"What exists my knowledge, exists without my consent," says The Judge, the terrifying antagonist from Cormac Mccarthy's Blood Meridian.
The Judge is an example about what is so scary and imposing about the need to know everything, about the contempt for mystery. But that impulse doesn't have to be scary. Need proof? Consider Christopher Hitchens.
Christopher Hitchens, whom the world has sadly been without since December 15, 2011, resented the foggy and the unknown. But his wish was not, like the Judge's, to destroy it. His wish was to illuminate it.
But not everybody thinks that is a noble goal. Andrew Cohen, for one, thinks that Mysticism is necessary.
And the conversation over what goes into finding truth is not a black and white issue. Novelist Tim O'Brien is famous for thinking that a fictional account can be more rightly called "true" than can a factual one.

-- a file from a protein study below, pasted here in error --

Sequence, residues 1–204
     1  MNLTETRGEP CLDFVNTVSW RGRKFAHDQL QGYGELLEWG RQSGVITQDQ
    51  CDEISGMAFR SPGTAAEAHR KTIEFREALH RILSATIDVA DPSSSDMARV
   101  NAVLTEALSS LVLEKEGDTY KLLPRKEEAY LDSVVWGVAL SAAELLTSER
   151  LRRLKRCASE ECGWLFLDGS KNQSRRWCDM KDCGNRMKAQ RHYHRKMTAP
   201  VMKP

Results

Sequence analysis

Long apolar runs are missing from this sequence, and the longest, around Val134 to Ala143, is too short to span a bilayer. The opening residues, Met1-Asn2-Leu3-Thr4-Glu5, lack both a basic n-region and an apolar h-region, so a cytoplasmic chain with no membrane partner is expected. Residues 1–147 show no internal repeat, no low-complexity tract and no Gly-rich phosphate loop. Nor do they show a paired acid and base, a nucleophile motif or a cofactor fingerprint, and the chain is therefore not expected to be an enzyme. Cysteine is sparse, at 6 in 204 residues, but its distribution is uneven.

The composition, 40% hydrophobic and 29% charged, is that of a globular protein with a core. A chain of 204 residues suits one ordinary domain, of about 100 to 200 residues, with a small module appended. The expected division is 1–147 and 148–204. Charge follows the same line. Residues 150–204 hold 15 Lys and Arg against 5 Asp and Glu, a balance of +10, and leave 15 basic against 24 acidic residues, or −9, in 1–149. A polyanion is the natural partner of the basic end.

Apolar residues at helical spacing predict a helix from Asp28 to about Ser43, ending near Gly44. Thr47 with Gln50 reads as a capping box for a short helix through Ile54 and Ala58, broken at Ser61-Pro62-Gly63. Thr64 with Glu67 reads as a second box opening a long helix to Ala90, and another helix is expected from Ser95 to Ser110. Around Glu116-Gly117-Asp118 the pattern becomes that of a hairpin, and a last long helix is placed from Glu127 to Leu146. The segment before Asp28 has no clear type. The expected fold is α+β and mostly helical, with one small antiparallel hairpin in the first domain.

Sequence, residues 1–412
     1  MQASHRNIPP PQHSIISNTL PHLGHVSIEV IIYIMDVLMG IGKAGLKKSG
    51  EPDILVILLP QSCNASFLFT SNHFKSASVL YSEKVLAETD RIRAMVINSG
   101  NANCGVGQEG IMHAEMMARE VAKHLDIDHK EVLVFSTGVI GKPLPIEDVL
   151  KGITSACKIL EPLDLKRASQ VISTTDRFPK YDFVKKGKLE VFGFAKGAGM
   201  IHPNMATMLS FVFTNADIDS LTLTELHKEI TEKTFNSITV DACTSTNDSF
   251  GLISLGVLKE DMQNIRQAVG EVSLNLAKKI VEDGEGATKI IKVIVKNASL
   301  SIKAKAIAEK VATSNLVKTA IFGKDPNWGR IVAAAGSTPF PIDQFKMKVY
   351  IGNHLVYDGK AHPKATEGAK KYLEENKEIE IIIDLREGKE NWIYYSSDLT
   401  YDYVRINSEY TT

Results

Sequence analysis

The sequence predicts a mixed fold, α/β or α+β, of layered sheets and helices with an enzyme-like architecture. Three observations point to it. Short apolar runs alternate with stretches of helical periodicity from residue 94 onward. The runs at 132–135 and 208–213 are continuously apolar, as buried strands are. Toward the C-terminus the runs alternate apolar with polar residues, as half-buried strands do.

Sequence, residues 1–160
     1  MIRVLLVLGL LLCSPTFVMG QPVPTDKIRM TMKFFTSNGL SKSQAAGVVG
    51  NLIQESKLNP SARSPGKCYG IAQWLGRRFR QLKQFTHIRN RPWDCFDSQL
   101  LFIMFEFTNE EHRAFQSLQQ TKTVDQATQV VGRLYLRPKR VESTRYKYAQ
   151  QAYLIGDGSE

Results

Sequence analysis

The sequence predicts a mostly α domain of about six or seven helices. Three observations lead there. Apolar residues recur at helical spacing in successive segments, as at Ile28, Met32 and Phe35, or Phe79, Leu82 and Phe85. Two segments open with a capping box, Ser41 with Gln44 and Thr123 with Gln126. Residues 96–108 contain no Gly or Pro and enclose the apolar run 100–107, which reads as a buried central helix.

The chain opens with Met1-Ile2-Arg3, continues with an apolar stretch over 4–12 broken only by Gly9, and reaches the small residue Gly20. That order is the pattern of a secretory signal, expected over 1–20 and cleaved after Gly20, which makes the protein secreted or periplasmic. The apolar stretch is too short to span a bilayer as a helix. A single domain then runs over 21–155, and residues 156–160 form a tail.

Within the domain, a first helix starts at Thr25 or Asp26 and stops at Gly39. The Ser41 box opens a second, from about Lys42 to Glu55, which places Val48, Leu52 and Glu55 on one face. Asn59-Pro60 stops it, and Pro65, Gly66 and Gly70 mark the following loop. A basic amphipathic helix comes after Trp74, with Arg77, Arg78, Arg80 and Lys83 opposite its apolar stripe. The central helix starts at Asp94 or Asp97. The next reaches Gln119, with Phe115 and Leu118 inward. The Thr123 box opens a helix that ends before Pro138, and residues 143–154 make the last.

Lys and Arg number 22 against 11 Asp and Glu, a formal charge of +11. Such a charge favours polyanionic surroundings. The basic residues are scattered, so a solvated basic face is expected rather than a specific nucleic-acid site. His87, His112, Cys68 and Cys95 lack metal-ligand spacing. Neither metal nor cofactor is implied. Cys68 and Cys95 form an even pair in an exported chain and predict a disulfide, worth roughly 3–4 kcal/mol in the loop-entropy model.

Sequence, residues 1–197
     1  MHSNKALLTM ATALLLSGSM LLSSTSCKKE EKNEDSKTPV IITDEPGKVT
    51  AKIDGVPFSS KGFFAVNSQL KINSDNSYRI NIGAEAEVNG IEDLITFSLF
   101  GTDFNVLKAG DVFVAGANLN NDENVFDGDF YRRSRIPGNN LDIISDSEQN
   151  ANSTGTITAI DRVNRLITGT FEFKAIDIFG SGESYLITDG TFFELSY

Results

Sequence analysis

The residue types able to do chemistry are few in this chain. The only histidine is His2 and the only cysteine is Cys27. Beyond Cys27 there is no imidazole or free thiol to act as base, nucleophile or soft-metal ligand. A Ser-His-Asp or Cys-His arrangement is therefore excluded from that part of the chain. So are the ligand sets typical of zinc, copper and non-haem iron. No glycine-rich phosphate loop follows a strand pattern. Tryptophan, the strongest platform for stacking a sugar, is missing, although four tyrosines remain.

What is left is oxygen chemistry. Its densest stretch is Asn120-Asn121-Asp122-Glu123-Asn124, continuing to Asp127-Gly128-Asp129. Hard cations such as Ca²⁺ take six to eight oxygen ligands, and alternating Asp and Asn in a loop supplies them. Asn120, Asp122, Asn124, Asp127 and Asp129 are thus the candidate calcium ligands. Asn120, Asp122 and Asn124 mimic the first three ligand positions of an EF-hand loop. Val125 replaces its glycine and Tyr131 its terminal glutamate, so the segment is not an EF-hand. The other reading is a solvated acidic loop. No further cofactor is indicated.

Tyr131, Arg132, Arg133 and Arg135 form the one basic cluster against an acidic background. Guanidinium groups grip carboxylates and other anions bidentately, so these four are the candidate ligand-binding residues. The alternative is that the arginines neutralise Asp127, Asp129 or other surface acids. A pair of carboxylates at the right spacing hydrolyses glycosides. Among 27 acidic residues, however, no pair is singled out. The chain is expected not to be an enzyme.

Hitchens, for one, quested tirelessly through his life to dispel the fallacies and the ignorance which plagues all humans, whom he thought to be a bit irrational and prone to hysteria. As he was fond of phrasing it, "evolution has meant that our prefrontal lobes are too small, our adrenal glands are too big, and our reproductive organs organs apparently designed by committee; a recipe which, alone or in combination, is very certain to lead to some unhappiness and disorder."
So, in contrast to The Judge, he suggested a healthy way to deal with the resentment of the unknown, which was to try our very best to gather facts, to reject superstition, to encourage discourse, to value reason, and to recognize our limitations as to how far that is possible for human beings.
That is how to demystify life.